With two days until the Chinese New Year, the railway station in Wuhan should be buzzing. Across the country, millions of people are heading home to see loved ones. But in China’s seventh biggest city – home of the coronavirus – most platforms are deserted.
The WHO has praised their efforts, and there are some precedents for what experts call “social distancing”.
In April 2009, Mexico City shut down bars, cinemas, theatres, football grounds, and even churches in an attempt to stop swine flu. Restaurants were only allowed to serve takeaway food.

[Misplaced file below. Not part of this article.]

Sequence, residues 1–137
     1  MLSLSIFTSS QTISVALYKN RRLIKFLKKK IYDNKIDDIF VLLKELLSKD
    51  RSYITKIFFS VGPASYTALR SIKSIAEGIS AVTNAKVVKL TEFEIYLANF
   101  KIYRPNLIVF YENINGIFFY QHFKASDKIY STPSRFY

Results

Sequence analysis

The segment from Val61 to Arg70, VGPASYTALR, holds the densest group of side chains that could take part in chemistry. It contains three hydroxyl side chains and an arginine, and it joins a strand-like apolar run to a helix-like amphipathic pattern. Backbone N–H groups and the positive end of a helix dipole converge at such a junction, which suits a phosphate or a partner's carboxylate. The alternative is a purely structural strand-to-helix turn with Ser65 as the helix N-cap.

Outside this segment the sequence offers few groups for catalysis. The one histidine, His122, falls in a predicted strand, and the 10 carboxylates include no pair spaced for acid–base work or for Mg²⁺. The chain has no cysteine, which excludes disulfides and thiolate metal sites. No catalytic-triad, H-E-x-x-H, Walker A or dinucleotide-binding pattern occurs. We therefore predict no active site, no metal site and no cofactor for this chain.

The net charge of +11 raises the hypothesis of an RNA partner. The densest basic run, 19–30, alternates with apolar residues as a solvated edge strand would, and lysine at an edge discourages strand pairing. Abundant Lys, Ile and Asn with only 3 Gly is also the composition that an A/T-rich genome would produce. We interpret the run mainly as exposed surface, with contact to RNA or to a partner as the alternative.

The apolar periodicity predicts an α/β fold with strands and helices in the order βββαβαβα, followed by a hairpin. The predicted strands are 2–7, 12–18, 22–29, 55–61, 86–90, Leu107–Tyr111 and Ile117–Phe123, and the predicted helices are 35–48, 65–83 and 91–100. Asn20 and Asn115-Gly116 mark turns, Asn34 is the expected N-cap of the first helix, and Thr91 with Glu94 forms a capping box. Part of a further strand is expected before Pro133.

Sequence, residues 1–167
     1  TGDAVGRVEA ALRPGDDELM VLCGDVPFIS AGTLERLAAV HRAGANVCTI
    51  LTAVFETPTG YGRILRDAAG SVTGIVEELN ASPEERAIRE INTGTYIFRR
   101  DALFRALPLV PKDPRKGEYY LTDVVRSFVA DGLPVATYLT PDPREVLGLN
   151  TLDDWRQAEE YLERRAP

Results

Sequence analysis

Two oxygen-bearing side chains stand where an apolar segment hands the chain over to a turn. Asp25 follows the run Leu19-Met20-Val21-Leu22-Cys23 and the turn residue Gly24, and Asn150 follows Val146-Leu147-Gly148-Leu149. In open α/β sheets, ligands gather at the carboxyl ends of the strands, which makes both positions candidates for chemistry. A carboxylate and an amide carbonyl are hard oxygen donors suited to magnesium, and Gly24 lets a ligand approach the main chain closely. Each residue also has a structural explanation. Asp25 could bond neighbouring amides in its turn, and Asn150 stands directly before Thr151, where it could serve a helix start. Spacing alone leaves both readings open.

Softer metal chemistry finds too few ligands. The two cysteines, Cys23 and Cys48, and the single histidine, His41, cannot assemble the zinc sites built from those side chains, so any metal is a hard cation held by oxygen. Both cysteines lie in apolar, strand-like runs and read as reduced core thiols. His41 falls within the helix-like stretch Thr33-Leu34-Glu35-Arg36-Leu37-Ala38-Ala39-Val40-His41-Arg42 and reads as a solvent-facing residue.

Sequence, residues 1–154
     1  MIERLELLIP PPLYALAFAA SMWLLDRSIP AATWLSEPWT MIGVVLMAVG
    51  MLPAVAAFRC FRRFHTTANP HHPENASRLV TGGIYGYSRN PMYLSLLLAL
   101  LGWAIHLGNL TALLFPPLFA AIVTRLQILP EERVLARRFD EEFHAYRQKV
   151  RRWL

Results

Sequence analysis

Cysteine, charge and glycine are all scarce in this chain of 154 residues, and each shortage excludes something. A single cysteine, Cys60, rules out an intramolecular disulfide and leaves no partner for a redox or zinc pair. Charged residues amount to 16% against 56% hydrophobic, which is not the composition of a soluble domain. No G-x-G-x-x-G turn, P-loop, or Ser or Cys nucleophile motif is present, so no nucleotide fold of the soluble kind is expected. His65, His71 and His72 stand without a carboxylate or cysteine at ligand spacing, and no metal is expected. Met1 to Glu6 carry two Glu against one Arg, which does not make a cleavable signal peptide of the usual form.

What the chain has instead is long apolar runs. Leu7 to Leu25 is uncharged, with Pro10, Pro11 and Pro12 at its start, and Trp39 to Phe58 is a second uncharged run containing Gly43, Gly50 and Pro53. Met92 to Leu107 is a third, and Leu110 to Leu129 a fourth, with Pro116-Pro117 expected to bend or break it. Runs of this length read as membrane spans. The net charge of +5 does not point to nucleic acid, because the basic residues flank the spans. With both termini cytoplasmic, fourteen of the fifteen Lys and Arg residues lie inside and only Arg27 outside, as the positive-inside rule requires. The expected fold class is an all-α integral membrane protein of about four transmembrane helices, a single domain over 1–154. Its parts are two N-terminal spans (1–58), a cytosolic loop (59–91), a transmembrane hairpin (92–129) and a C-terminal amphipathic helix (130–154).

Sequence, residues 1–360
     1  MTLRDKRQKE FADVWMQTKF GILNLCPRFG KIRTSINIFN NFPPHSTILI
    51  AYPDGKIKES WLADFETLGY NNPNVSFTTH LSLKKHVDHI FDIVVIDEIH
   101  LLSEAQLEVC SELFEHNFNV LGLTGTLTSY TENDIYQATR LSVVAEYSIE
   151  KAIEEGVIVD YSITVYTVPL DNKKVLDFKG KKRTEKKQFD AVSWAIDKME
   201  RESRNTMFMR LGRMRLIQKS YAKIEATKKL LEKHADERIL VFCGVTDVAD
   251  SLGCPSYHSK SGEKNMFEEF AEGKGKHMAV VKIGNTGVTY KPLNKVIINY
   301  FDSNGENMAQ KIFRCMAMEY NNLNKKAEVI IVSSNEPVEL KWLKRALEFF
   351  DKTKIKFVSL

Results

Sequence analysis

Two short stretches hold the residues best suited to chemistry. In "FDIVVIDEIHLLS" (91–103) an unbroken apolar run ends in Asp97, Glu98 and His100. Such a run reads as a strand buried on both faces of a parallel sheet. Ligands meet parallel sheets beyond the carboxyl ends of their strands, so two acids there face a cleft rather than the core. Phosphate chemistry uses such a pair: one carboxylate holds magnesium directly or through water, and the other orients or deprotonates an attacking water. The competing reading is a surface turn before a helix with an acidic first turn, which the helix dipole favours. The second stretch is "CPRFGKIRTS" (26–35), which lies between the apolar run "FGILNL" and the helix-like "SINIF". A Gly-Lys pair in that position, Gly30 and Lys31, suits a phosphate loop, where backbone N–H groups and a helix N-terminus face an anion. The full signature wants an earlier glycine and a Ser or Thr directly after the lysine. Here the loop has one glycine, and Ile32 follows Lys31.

“It did apparently slow the transmission of the virus in Mexico City, and helped authorities get a handle on the situation,” says Prof Kamradt-Scott. “Did it stop it completely? No.”
Wuhan is a huge place – the 42nd biggest city in the world, according to UN data – and cannot easily be turned into an isolation ward.
More than 20 major roads come into Wuhan, plus dozens of smaller ones. Even with public transport closed, sealing the city is very difficult.